THE Government has failed to deliver its promise to scrap bloated State bodies after a fierce rearguard action by the quangos and their supporters, a Sunday Independent investigation reveals.
Plans to cut or dramatically scale back on quangos have been overturned or delayed by warnings about the costs of moving offices, the risk to drink-driving prosecutions, and even by bringing up the Fukushima nuclear disaster.
Public Expenditure Minister Brendan Howlin has found that some of the strongest resistance has come from other government departments who are standing up for the quangos under their remit. He was told that Justice Minister Alan Shatter's department would not tolerate the prospect of the Garda Forensic Science Laboratory in Dublin being taken out of its control and merged with the State Laboratory in Kildare.
The Cabinet had set a target two years ago of rationalising 48 State bodies by the end of last year. But due to resistance and delays in passing the necessary legislation, only 44 bodies have been merged or abolished so far to save €20m.
And over half of these were set in motion by the previous Fianna Fail government in 2009, such as the reduction of 33 Vocational Education Committees down to 16.
The Coalition's attempts to engage in a wider cull prompted many quangos and their supporters to go into battle for their survival. The Department of the Environment brought up the Fukushima nuclear power plant disaster in Japan to prevent the Radiologocial Protection Institute of Ireland from being merged with the Environmental Protection Agency. It argued that "in times of heightened public awareness, such as the Fukushima incident", there was a reputational risk to the country if the body responsible for radiation protection and nuclear safety was downgraded. It also said there would only be a modest financial benefit of €80,000 per year from the merger.
Mr Howlin decided that the merger was going ahead – but it is now going to be completed next year rather than at the end of this year as planned.
There was a successful resistance campaign to Mr Howlin's plan to merge the Garda Forensic Science Laboratory and the Medical Bureau of Road Safety with the State Laboratory in Kildare, which had spare capacity.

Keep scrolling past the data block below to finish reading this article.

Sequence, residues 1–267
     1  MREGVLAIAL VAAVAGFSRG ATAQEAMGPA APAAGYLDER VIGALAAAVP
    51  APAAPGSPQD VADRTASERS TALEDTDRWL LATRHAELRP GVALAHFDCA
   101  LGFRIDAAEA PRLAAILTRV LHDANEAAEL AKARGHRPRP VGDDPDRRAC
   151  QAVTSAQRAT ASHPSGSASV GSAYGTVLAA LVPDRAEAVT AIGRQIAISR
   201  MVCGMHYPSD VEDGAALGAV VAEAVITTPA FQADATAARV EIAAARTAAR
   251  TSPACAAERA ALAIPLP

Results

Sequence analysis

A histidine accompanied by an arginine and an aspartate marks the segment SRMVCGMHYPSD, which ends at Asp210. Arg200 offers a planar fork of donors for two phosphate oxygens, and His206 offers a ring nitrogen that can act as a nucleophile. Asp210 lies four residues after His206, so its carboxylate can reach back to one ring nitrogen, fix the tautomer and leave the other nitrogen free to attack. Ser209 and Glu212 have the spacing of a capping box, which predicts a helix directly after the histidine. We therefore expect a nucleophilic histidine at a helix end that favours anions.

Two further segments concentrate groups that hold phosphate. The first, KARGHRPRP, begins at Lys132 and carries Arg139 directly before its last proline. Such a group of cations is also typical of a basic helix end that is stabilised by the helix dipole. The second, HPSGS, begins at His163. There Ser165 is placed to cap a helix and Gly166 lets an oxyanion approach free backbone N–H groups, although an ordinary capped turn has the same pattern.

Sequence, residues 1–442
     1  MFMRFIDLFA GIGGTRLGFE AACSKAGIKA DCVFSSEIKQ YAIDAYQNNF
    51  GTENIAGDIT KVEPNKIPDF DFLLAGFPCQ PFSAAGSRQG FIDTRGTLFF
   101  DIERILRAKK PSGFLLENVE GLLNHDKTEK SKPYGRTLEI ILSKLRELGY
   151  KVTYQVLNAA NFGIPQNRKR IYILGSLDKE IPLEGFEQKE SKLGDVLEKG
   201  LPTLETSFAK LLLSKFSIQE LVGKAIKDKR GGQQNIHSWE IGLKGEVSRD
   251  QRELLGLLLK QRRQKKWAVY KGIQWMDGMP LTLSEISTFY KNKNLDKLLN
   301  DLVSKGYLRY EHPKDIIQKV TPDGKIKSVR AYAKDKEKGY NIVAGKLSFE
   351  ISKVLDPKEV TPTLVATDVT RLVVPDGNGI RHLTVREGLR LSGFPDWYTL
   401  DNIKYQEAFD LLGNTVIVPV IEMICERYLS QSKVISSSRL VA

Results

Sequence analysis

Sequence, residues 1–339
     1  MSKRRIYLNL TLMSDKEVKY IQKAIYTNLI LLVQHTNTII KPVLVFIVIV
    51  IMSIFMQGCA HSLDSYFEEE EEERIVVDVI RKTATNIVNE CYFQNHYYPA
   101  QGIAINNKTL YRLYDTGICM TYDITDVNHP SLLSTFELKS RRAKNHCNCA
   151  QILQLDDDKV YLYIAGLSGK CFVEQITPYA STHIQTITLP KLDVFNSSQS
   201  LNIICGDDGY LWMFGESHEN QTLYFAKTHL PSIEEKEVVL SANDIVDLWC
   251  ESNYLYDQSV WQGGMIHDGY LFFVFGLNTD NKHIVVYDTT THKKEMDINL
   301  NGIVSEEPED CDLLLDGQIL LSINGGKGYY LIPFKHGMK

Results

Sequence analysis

The Medical Bureau of Road Safety said it needed to stay in UCD in Dublin so that it could successfully defend legal challenges to its work of drink-driving samples.
It said this was the "most contested legislation in this country". And the Department of Justice warned that it would not tolerate moving the Garda Forensic Science Laboratory from Garda Headquarters in the Phoenix Park. It said that the move would produce no savings and would also interfere with its plans to locate the highly sensitive DNA database in the laboratory.
"Under no circumstances can this department permit a highly sensitive security and intelligence asset to sit outside the framework of the criminal justice system under the authority of the Minister for Justice," it said.
Mr Howlin's department had to concede defeat and called off the merger.
The plan to merge the Road Safety Authority (RSA) with the Railway Safety Commission was abandoned after the cost of relocating staff was pointed out. The Department of Transport said it would not make operational sense to move railway safety staff from their offices in Blackrock in Dublin to the offices of the RSA in Ballina in Co Mayo.
Fianna Fail public expenditure spokesman Sean Fleming said the Government had abolished or merged very few quangos which had not already been signalled by the previous Government. "They seem to have taken very few new initiatives themselves and some of the ones that were in train, they have just walked away from them," he said.
Despite the missed targets, there are still some significant measures in the pipeline for 63 more bodies next year. This includes the 35 city and county enterprise boards, which are being merged into local authorities.
Jobs Minister Richard Bruton is merging five employment disputes bodies into one. The school truancy quango and the Family Support Agency are being merged into a newly created quango spun off from the HSE – the Child and Family Agency.
The costs of quangos in the arts world have been brought down, with fee payments scrapped for the board of the Irish Film Board and several others.
A spokeswoman for Mr Howlin insisted that significant progress has been made in relation to the rationalisation of quangos.
"To date, rationalisation and amalgamation measures involving 44 bodies have been fully implemented. Measures involving a further 63 bodies are at advanced legislative or administrative stages," she said.